So, robust products are ones that they are just easy to use, hard to damage, and easy to assemble, easy to take down, and give you options. Sometimes you can do stuff twelve different ways. Sometimes it’s one, depending on the product.
So, the other thing is you want products that are rugged when you’re designing for the outdoors. Now, sometimes you have limits on that, how rugged they are. A great example is a tent pole. Tent poles, by nature, tend to be fragile to keep weight down, especially with backpacking tents. So there’s this implicating understood trade-off that when I lay out my tent poles from my backpacking tent on the ground, I don’t want anybody around because I don’t want anybody to step on it and bend it or break it. And so I understand that the trade-off of having a four-pound-ten-ounce tent is the fact that the poles are delicate until they’re assembled. Now, they’re easy to assemble with a shock-cord and so forth. But until they get into the tent, they . . . can be hard to . . . can be delicate. Now, once they’re on the tent, they need to be extremely robust. That fifty-mile-an-hour wind, or that six inches of snow, that tent needs to come through that, and that pole needs to do its job with no problems what so ever.
So, there are times when the rugged nature and the robust nature has to be within a specific pattern of use, or a specific part of a pattern of use. And I think the other thing that’s important when you’re camping is that you want a product that looks like it should be a product when you’re camping. Now, one of the things that has changed about this is that for a long time camping products were very functional. They looked like something that you’d buy at the Army Navy Store. A good example is Coleman stove. A white gas later gave way to propane. But, they’re great, they’re rugged; you can fix them with a . . . a knife and a screwdriver, some oil; and they’re just great products – they last forever. And I think long life is usually a by-product of having something that’s rugged and something that’s robust. So, a lot of these cots and other things just look like something the military would use. Now, what happened a few years ago is REI came on the scene, a great outdoor provisioning company. And all of a sudden, camping became more upscale. And so as these stores competed for dollars, one of the ways that they made themselves more distinctive was to provide very high quality, very robust products, and provide them at a higher cost, because higher quality robust, what have you . . . and that also gave the opportunity and the need for more industrial design. Where thinking through the customer experience, the customer experience behind the counter, or in front of the counter; customer experience in the field; what the customer sees on the website; reviews; what have you. So, the world kind of changed and now we have camping products that a lot of times are beautiful as well as tough.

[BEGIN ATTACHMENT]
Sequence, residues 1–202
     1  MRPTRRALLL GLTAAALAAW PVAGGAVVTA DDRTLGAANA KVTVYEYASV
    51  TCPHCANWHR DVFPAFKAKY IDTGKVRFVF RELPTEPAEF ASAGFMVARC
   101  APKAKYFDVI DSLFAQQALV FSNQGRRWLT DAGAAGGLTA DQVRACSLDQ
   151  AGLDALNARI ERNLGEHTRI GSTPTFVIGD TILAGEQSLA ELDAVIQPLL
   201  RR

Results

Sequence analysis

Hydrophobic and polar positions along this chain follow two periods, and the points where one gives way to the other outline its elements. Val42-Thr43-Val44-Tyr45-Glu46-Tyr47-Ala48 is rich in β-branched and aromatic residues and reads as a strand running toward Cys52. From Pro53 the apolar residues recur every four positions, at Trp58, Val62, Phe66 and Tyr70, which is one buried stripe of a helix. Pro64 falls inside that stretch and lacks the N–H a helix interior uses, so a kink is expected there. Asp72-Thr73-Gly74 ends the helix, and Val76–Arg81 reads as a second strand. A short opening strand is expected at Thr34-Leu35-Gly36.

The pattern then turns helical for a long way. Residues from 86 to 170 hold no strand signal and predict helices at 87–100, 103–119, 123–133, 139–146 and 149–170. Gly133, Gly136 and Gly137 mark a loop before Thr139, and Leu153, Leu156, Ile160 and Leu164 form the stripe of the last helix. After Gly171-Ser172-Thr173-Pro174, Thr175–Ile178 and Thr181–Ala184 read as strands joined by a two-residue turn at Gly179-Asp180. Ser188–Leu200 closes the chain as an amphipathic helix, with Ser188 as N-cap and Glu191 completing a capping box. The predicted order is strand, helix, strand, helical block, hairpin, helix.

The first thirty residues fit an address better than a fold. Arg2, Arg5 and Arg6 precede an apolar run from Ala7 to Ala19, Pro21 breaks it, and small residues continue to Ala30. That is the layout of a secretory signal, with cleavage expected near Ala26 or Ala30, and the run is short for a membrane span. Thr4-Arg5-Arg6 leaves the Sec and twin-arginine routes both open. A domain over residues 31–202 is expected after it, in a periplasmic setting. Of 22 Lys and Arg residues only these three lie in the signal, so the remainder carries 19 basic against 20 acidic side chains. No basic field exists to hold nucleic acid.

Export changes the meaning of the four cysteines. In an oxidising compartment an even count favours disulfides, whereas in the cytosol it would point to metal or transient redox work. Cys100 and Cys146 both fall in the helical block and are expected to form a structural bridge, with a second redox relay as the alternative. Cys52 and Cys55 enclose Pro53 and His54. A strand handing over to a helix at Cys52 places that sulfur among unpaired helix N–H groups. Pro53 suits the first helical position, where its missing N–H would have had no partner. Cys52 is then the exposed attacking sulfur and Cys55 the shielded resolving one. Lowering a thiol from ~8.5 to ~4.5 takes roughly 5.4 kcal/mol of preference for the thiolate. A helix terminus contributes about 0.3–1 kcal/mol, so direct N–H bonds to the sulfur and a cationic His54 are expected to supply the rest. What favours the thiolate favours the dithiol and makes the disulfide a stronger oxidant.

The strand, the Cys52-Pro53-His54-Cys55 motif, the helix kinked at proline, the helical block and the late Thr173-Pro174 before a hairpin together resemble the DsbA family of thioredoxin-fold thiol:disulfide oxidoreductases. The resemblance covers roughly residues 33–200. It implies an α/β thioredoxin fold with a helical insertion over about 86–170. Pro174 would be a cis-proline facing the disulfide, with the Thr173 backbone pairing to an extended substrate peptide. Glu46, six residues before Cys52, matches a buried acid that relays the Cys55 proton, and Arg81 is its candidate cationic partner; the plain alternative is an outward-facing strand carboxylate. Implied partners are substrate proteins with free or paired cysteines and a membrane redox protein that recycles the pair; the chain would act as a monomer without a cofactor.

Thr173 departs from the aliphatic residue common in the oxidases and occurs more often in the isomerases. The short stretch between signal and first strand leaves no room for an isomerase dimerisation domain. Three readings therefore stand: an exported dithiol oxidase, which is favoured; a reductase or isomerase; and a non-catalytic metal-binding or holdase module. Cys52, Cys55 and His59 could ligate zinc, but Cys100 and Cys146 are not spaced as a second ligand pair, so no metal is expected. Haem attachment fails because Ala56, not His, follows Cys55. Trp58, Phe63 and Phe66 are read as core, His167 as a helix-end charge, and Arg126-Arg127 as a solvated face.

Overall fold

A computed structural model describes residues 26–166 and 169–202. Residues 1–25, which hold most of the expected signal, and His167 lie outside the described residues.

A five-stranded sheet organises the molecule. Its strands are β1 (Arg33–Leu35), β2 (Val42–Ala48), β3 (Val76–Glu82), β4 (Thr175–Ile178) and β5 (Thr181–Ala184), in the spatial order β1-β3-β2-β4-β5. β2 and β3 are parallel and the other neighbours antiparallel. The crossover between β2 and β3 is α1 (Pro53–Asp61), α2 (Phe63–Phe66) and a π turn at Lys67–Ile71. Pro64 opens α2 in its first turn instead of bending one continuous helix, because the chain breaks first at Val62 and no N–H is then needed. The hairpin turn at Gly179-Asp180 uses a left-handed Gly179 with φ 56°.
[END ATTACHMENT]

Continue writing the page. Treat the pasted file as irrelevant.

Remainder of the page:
And so, with a camping product, you got to also . . . you know, where does it fall? Is it an inexpensive product? And Coleman is an expert at providing relatively inexpensive, less frills, less performance products. Or, is it a product that is a higher quality product and a higher end product (something you might see at REI)? And then in the past few years, there’s also been a switch to what I’m going to call “Glamping” products. And I think glamping . . . which another way to look at it is called “glamorous camping”. It’s something we can thank the Europeans for. And we were headed there anyway. But, in Europe, you can go camping at a campground and camp in a two thousand square foot tent with flat screen TVs, satellite cable, Persian rugs, couches, that are really, basically, high-end homes made out of fabric. And so the option of doing glamping, I think, is starting to come to the U.S., and that’s going to impact some of the products that are designed for this market as well. So, just to keep that in mind, you’ve kind of got a low-to-midrange, which is the Coleman products; a lot of products that folks who own RVs buy; and then the mid-range . . . mid-low-or-high, which is REI – so you’ve got brands like Patagonia, you know; Merrill. And then you’ve got high end, the glamping products. And that kind of gives you, hopefully, gives you a framework of where to start when you have to look at how you’re going to structure this product. Where does it live? And, also, to evaluate whether or not you’ve got the right product designed. How effective it’ll be in the marketplace.
So, these are some criteria. Just to summarize. You want a product that’s rugged. You want a product that’s robust. You want a product that’s high quality. You want a product that fits the intended market segment, be it the lower end (the Coleman, a lot of the RV products), the mid-range (the REIs and Great Out Door Provision Company-type market); or the glamping market. You want a product that’s easy to use, easy to assemble. You want a product that’s easy to assemble when it’s almost dark and raining and cold. You know, can you assemble this product with gloves? Is this a product where once it’s . . . it’s hard to damage once it’s installed, but is easy to install. So, in camping, it’s a very tough market because it’s so functionally driven and so user experience driven. And then also, too, yeah, always keep in mind is that you’ve got different types of camping. You’ve got car camping. You’ve got glamping. And, of course, car camping being you drive your car to up to where you’re going to camp; you unload everything. So, weight and size isn’t so much of a penalty; comfort’s a high priority. Backpacking – weight is everything. Comfort – eh, not so much so. And ruggedness in backpacking is very important, but you have a more sophisticated user that understands that you don’t want to bend that tent pole when you’re twenty miles from anywhere.
So, keeping all those in mind, I hope you design some great outdoor products. If you have a product that you need . . . maybe you’ve got a concept and need us to design an product and then build a prototype and help you get it into manufacturing, or just some small part of that, give me a call, we’d love to help.
Montie Roland, Montie Design, 1-800-722-7987. Or montie (M-O-N-T-I-E)@montie(M-O-N-T-I-E).com. I hope you have a great day. I hope this podcast was beneficial for you. Montie Roland, signing off.